There exist many controversies about the use of calcium-containing phosphorus-chelating agents. It is a complex matter to analyze the reason for these controversies although there exist unquestionable and very reasonable facts warranting the use of calcium salts as phosphorus-chelating agents,10 as well as others advising against it,11 although we have to assume that there exist an important commercial pressure on this issue. Among the reasons why Friedman10 recommends the use of these calcium compounds in chronic renal disease is that there are no clear-cut clinical trials warranting the replacement of these agents by Sevelamer in particular, which is the calcium-free product currently available on the market. Besides, Friedman states that there is very weak evidence that oral intake of calcium modulates vascular or heart calcification, that the clinical trials supporting the safety and efficacy of calcium-containing phosphorus-chelating agents are numerous, and finally he points out the extraordinary cost of sevelamer. Also considering that these new calcium-free phosphorus-chelating agents are currently under clinical evaluation, in his opinion, it is necessary to clearly and with an open mind think about what we really know from the literature and in how many clinical trials are designed to meet the interests of a particular trade.

On the other hand, Moe11 states that there is sufficient evidence from prospective randomized trials showing that the use of calcium-based phosphorus-chelating agents contributes to progressive coronary heart disease and aortic calcification as compared with calcium-free products such as Sevelamer. In his opinion, there is biological evidence that hyperphosphatemia and exogenous calcium administration may accelerate vascular calcification. Unfortunately, there is no bedside test that can determine what may be the amount of calcium salts, either as maintenance therapy or as cumulative doses that may be safely administered, and unfortunately, the serum calcium level does not reflect the calcium balance. His opinion is that calcium-chelating agents should be restrained in many, if not all, patients on dialysis.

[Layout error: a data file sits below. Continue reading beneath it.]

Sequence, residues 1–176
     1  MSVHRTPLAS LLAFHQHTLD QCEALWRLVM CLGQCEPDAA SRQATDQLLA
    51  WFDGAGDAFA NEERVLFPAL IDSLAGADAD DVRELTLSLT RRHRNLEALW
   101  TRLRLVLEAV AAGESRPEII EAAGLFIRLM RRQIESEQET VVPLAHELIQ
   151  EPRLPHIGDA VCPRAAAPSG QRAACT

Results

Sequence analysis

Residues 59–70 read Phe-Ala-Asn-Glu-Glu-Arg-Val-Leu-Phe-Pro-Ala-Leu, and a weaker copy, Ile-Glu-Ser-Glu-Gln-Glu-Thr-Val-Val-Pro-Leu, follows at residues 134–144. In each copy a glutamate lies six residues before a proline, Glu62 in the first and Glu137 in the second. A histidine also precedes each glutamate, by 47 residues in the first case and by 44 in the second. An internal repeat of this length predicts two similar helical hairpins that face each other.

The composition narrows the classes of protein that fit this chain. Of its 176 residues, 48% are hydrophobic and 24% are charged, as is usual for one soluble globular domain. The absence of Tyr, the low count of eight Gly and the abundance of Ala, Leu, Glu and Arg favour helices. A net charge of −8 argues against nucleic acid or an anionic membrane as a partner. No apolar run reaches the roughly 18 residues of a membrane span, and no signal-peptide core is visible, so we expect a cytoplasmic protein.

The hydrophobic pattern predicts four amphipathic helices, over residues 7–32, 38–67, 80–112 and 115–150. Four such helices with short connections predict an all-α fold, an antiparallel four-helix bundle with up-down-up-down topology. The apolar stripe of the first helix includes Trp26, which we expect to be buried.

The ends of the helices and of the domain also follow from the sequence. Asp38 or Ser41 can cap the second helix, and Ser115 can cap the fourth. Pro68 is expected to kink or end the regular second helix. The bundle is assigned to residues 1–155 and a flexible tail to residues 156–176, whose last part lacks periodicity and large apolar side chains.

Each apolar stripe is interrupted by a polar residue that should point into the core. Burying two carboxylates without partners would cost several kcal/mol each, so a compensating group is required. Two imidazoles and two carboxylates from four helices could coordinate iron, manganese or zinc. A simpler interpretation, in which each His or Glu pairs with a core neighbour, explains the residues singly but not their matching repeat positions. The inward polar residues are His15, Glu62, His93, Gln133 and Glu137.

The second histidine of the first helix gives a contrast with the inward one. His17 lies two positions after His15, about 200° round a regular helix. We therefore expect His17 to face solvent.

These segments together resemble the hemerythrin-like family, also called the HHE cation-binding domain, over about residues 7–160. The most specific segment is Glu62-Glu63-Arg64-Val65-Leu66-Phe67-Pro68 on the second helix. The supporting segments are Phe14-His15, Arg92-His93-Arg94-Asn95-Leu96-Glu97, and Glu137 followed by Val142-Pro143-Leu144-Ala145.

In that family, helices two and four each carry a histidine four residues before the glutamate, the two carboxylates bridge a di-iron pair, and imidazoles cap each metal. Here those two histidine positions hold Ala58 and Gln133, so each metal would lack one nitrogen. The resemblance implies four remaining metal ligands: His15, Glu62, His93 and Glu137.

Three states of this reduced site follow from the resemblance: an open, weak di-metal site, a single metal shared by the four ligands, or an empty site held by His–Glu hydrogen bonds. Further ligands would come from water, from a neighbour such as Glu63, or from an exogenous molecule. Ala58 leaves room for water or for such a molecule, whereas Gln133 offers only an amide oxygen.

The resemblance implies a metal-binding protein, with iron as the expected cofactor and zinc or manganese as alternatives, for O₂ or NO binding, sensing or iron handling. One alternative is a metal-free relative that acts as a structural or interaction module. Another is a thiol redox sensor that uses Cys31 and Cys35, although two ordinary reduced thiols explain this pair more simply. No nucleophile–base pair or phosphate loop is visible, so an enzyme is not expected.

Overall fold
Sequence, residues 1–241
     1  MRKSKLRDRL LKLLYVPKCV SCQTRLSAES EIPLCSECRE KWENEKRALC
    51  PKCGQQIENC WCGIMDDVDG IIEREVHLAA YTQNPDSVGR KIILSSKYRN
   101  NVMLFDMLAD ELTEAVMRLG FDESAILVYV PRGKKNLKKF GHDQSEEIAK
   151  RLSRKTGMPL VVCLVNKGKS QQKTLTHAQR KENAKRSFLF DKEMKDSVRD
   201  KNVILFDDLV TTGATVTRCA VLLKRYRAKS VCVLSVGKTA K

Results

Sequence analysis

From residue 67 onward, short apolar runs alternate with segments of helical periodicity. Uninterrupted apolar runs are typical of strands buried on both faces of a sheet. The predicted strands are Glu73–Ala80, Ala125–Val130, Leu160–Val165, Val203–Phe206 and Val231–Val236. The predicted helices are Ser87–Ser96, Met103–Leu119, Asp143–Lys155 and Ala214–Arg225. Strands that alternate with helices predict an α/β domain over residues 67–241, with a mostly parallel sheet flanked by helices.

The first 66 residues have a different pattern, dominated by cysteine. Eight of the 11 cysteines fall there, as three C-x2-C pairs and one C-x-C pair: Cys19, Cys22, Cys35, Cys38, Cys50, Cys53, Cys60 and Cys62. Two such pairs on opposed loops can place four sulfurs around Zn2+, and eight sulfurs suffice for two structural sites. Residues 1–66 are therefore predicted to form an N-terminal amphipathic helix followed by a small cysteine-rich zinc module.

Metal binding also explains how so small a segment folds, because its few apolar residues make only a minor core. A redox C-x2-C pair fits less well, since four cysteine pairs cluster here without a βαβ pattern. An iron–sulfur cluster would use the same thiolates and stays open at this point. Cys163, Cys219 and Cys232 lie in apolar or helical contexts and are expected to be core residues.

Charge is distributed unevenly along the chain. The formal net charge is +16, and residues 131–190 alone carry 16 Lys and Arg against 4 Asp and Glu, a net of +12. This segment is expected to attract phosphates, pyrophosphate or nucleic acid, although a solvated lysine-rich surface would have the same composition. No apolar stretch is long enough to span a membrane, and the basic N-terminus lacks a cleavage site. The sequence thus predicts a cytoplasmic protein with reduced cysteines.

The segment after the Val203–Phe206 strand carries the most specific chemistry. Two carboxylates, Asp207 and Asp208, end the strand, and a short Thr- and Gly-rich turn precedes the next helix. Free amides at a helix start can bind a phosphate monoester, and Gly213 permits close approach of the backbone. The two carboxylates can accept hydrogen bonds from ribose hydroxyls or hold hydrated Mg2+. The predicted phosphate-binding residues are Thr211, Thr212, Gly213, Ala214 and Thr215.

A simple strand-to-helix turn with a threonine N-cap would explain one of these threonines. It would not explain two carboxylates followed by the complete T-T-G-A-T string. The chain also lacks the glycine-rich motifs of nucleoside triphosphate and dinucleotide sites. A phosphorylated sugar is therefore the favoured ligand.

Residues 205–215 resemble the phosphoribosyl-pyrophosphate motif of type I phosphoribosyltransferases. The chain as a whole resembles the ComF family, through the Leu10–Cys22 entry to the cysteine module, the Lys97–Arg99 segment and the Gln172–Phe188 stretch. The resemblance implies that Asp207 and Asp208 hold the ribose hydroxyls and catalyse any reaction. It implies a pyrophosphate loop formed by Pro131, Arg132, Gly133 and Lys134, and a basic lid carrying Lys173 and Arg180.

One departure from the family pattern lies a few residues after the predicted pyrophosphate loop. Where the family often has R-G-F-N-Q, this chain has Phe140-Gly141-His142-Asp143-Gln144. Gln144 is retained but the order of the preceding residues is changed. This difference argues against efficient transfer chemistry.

In my opinion, calcium compounds used at a dosage not higher than 1,500 mg/day of elemental calcium (we have already mentioned that each gram of calcium carbonate has 40% of elemental Ca and calcium acetate 25% of elemental Ca) are effective products, provided that serum calcium levels are kept under the recommended values of 10 mg/dL, and particularly cheap; thus, for me there is no reason to advise against them in the benefit of other drugs considerably more expensive. I consider reasonable to avoid prescribing them in those cases with low bone turnover and PTH levels below the normal range for these patients, according to the method used (< 100 pg/mL). The calcium concentration in the dialysis fluid should be reduced to 2.5 mEq/L, allowing so maintaining a safe calcium intake while preserving the chelating effect and avoiding excessive calcium gain.